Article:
I took the news hard. My friends and I agreed to get tested every time the HIV/AIDS temporary clinics came to town. I was the first, and terrified, but I didn’t want to show it to my friends. 
    So, with a carefree expression, I entered the clinic tent.
    Thank God, my results were negative. 
    My relief was so intense, it was as if a window had opened to let a cool breeze into a stifling hot room. 
    All six of us were tested and cleared, save one. 
    His name is Carlos, and he was 16 years old — our funny friend, who was loved by all.


    Carlos disappeared for a while, as he and his family adjusted. 
    It was painful to watch from a distance as my closest friend battled a deep depression and worried whether he could get the care that he needed. 
    At the time, treatment was only available by temporary clinic, and constant care was not assured. 
    He knew it was going to be difficult, but he did not stay down forever.
    I admire Carlos for the strength he found to become a better person. With the support of his family, he gained courage to live. He stopped sleeping around, and relied heavily on Jesus Christ as his Lord and Savior. 
    Though it never will be easy, he continues to fight his illness and his depression to this day.


    Carlos’ diagnosis humbled us and challenged us to change our outlooks on our behavior and relationships. 
    The five of us who tested negative were so terrified that we could be next. 
    Some of us believed the completely false rumors that sharing food with him or touching could also transmit the virus. They deserted Carlos out of unjustified fear. 
    After that, Carlos only had two friends remaining, me and a boy named Michael. We attended more seminars and meetings together, searching for the help he needed. 
    We spent time with him, all of us together, as if nothing had changed. I was inspired by Carlos to pay more attention to the people I cared about, and to cherish my own relationships.
    Not long after, I found out that I was going to be a father, and my life was changed forever.
    HIV is a terrible disease, but like any severe trial, it has the potential to push away trivial pursuits and bring families closer together.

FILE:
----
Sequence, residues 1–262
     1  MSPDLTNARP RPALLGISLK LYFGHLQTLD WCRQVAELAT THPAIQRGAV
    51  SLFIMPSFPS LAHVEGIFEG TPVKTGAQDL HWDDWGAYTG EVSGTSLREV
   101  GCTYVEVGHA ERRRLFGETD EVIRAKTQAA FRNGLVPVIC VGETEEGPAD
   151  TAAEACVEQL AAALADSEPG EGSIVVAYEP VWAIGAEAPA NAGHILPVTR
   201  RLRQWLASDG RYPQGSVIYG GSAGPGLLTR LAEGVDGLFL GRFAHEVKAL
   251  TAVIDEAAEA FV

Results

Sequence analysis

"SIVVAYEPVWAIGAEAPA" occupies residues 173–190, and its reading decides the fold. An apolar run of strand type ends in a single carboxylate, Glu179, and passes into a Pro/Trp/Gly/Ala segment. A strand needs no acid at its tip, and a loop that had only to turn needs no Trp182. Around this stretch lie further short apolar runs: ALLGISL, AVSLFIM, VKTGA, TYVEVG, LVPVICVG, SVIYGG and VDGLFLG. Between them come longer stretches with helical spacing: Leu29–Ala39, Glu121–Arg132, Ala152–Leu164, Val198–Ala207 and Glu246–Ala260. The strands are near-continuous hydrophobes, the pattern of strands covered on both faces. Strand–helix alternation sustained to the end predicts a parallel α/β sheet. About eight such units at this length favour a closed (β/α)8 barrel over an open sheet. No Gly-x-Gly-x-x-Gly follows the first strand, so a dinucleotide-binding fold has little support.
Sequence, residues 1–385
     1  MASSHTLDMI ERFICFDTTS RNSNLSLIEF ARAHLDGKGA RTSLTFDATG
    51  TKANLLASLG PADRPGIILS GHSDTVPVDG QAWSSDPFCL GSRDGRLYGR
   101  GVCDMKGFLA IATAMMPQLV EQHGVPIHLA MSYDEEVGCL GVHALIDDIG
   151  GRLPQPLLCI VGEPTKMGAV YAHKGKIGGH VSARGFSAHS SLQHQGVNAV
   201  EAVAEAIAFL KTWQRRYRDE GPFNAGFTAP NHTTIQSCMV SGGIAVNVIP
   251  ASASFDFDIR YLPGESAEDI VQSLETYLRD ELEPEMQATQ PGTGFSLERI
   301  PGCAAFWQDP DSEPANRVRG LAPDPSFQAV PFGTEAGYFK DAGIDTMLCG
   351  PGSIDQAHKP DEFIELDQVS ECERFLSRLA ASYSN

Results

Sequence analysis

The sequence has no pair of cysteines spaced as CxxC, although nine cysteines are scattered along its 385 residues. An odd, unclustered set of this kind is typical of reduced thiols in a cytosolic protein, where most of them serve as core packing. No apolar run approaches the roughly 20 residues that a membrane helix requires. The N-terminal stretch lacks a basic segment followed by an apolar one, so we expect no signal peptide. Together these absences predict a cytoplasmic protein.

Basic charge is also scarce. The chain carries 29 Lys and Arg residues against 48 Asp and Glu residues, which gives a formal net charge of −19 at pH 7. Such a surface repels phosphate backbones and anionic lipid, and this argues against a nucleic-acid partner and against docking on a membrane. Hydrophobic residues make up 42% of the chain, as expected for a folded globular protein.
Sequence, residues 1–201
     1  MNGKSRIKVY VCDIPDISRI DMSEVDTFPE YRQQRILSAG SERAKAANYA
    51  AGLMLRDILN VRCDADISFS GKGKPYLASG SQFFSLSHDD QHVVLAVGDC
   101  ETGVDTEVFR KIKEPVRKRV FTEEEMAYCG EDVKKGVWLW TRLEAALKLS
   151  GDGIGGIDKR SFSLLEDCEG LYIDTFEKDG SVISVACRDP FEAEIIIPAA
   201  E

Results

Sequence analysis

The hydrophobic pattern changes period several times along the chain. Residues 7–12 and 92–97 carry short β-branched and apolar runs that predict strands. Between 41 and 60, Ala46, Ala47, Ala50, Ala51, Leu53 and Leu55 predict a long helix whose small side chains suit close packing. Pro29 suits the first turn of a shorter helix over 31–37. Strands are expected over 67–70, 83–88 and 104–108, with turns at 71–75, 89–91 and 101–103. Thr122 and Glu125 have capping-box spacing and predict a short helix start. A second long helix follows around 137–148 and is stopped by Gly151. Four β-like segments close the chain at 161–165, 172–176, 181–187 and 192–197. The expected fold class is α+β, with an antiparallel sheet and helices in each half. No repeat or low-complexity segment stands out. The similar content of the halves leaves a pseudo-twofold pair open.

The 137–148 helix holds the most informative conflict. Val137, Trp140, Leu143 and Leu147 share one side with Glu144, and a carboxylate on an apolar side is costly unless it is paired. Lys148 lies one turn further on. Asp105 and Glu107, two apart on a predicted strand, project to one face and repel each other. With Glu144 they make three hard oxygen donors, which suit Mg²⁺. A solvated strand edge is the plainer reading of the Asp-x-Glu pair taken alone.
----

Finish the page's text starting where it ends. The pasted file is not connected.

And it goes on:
The reminder of our human frailty pushes us to make the best use of our time for the things we value. Ultimately Carlos, Michael, and I became close brothers in Christ. 
    We affirmed the faith which had nurtured us as children, and decided to live for something greater than ourselves.


    This brings me back to the city of Oakland. My heart goes out to you. 
    HIV is not going away any time soon. It is hiding among us, waiting for us to stumble upon it accidentally. 
    I moved from Africa only to find the same enemy in wait. In Oakland, despite the fact that HIV infections are going down overall, certain neighborhoods and demographics are seeing their rates of new HIV infections rise again — especially African-Americans. 
    This is a blessed nation, with abundant resources opportunities. But I fear that the people of this great nation will suffer unnecessarily for denial, or lack of awareness. 
    Our actions matter. 
    They impact our health, our future, and the well being of our society. 
    I can only ask for one thing, if you are unaware of your HIV status, please, get tested. 
    You never know if you might save your own life or the life of another.

    About the Contributor
    In the fall of 2019, The Laney Tower rebranded as The Citizen and launched a new website. These stories were ported over from the old Laney Tower website, but byline metadata was lost in the port. However, many of these stories credit the authors in the text of the story. Some articles may also suffer from formatting issues. Future archival efforts may fix these issues.  
    Leave a Comment
    Donate to The Citizen
    Our Goal

    Comments (0)

    All Sort: Newest

    Your email address will not be published. Required fields are marked *